With Advocacy

Ohio River Foundation is a strong voice for protecting and restoring the Ohio River and all waters in its wwatershed. We work at local, state, and federal levels for effective laws and regulations that will reduce pollution, restore vital natural systems like forests and wetlands, and encourage smart growth in our communities.

ORF acts to identify best practices for restoring and protecting our waterways, while being vigilant in opposing projects or proposals that would degrade water quality. We submit comments to governing bodies regarding wetlands mitigation, stormwater issues, construction and development projects and more. ORF is well-respected as a resource on environmental issues that impact the Ohio River and its watershed.

Protect Our Water Campaign

ALERTS BELOW

The Ohio River is routinely cited as the most toxic water river in the U.S. Through our Protect Our Water program we are trying to change the situation for the better.

Improvements in water quality were achieved in the Ohio River watershed due primarily to passage and enforcement of the Clean Water Act (CWA) in 1972.  However, threats continue from stormwater runoff, agricultural runoff, mercury deposition from coal-fired plants, and millions of gallons of untreated sewage that flow into the river each year from sewer overflows.  Furthermore, Over the last two years, evidence indicates that government pollution prevention and enforcement programs are not working well. Reports by USEPA, Environment America Research & Policy Center, and The New York Times indicate that:

  1. In 2013, polluters dumped 23 million pounds of toxic chemicals into the Ohio River making it the most toxic river in the country
  2. Violations of the Clean Water Act are going unprosecuted
  3. 49% of lakes and reservoirs are contaminated above EPA safe levels

Amazingly, in some cases this is permitted pollution; however, the number of permit violations appears to be growing. Unfortunately, the political will to enforce water pollution laws is not as strong as it needs to be. So, under the auspices of the Protect Our Water campaign ORF conducts independent investigations to identify polluters threatening our waterways and drinking water supplies, and force compliance with the law. DONATE NOW. SUPPORT THE PROTECT OUR WATER PROGRAM.

Clean Water Act Regulations

Coal Ash Rule - (2018) EPA eases rule to allow states more flexibility to regulate coal ash ponds. (2015) USEPA finalized a regulation after a 5-year public review and comment process..

Clean Water Rule - (2019) EPA proposing to rescind 2015 rule. PUBLIC NOTICE RELEASED. Comment period closes April 15, 2019.
Read the proposed rule here. 

A sampling of some organizations' responses:

(2015) USEPA issued Clean Water Rule to clarify definition of waters to be protected for USEPA and US Army Corps of Engineers

Water Quality Standards

The Ohio River Valley Water Sanitation Commission (ORSANCO) - a quasi-regulatory agency created to control pollution of the Ohio River - sets baseline water quality standards for the Ohio River.  Ohio River states may then elect to adopt those standards or more strict ones.  All must comply with Clean Water Act regulations and are subject to USEPA approval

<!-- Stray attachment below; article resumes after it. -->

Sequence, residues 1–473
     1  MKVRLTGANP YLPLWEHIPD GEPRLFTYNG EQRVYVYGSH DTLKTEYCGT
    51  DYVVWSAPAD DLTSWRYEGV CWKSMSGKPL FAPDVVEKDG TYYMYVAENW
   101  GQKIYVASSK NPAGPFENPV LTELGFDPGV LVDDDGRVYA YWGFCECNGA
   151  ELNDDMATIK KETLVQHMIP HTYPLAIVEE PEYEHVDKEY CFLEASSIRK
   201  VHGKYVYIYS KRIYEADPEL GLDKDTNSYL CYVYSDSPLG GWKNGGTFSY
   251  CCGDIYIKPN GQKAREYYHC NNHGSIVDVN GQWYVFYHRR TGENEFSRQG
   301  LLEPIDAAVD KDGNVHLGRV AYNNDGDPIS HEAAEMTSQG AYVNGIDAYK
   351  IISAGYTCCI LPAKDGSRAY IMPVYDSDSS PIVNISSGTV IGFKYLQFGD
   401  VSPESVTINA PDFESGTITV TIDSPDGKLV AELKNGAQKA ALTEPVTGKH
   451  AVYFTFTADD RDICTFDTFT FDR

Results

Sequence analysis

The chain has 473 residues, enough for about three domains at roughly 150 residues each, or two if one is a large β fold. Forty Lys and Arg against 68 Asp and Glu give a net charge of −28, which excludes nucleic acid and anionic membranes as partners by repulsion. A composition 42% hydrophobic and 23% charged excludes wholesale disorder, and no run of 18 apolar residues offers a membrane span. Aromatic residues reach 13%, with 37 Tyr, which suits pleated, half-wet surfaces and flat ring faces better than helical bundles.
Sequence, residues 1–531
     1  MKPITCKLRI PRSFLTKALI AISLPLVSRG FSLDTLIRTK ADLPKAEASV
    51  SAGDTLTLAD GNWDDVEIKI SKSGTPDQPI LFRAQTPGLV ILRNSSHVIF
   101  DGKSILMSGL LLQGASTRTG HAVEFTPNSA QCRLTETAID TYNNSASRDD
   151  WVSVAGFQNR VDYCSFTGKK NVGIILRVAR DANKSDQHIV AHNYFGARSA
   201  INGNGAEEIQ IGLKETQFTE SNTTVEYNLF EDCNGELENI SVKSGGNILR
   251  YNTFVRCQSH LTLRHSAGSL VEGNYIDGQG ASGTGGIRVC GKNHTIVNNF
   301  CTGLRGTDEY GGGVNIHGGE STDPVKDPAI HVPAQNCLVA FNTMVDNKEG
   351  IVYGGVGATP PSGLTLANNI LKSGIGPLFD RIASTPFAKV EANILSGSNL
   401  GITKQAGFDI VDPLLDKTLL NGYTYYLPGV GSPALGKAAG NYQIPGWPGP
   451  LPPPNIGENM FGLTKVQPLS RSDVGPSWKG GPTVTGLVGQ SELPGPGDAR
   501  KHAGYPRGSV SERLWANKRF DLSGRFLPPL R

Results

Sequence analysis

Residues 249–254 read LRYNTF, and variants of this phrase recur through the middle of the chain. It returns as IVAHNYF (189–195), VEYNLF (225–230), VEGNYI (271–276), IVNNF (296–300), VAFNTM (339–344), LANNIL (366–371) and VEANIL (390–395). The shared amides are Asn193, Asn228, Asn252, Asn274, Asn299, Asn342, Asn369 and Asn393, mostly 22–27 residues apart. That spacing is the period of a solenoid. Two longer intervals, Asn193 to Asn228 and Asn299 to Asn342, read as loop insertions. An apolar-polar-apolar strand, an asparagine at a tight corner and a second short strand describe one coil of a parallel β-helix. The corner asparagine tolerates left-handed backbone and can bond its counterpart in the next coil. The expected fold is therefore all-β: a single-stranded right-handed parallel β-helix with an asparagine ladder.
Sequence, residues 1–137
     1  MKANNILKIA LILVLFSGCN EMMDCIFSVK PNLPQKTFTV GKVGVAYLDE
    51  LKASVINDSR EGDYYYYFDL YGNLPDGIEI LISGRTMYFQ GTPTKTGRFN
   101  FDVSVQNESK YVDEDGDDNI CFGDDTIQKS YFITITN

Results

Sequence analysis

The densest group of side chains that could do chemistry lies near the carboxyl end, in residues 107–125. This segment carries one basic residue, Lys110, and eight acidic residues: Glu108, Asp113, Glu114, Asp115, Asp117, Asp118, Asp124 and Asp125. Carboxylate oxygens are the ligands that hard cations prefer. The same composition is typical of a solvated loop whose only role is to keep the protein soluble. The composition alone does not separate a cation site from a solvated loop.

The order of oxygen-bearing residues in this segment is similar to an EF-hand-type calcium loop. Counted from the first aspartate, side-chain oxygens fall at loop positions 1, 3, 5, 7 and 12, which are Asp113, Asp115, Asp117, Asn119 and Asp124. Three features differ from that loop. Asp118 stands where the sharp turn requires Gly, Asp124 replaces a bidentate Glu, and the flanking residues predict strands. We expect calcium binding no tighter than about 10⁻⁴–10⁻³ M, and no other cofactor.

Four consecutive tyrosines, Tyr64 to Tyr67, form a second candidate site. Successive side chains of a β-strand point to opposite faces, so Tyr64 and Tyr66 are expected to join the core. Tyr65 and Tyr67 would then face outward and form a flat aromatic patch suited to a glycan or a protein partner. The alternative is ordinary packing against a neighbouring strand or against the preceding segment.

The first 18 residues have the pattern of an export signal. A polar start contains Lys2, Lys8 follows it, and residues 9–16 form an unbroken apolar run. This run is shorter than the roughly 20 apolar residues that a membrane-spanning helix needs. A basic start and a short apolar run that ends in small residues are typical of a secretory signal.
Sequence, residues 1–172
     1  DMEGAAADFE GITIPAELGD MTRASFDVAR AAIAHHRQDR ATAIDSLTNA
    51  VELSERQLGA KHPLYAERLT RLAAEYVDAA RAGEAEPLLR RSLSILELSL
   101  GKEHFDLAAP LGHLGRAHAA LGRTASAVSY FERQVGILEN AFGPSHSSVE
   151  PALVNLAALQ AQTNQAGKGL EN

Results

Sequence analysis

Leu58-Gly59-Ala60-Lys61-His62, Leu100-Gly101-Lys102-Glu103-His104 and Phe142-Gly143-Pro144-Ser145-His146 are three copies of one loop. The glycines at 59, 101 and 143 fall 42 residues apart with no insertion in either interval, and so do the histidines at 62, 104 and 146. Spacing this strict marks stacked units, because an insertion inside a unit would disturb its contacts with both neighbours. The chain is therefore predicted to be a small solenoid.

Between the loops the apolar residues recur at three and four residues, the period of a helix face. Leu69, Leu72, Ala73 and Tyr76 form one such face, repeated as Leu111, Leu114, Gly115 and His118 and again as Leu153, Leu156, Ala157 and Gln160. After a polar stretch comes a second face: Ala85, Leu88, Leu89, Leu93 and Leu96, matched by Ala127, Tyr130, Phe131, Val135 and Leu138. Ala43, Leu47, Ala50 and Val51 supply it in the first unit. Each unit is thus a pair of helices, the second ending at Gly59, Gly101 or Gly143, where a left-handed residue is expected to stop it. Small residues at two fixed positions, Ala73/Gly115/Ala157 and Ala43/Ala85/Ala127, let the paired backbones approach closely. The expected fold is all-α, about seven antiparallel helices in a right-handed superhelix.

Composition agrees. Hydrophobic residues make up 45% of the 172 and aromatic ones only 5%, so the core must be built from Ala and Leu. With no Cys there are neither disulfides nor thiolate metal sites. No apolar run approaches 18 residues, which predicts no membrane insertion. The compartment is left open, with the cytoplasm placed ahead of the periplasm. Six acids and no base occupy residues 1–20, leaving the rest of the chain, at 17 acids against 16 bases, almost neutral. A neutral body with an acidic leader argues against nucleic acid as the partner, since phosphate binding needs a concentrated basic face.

ALERT - June 6, 2019. ORSANCO Commission Meeting, Radisson Hotel Cincinnati Riverfront, Covington, KY. ORSANCO voted to make adoption of its water quality standards voluntary for member states. Commission also voted to investigate creating protocols for states to follow when adopting any standards.

Feb 14, 2019 - ORSANCO commissioners voted to proceed with a new round of public comment and hearings relative to a new proposal for amendment of the Pollution Control Standards --ORSANCO press release and proposal summary SEE proposal HERE. Stay tuned! You can receive alerts via email from ORF and via our Facebook page.

Oct 4, 2018 ORSANCO commisioners decide not to vote on controversial proposal (see below). See statement from environmental groups applauding this decision. Discussions with states and groups will continue to search and work for solutions to issues voiced by some states that led to the creation of this controversial proposal.

(2018) ORSANCO proposes to stop setting water quality standards for Ohio River

ORSANCO—the Ohio River Valley Sanitation Commission—met in June 2018 in Louisville, and decided as follows:

In recognition of the successes of the federal Clean Water Act and the related state water pollution control programs of member states, the Pollution Control Standards (PCS) should be revised by adding a provision that recognizes that water quality standards and criteria, as well as mixing zone requirements, and other provisions of the PCS are being adequately addressed by member states in accordance with programs appropriate for implementation of the federal Clean Water Act. To the extent that all member states are operating under such programs, the Commission may conclude that it need not continue the triennial review process related to the water quality criteria (and related provisions) of the PCS.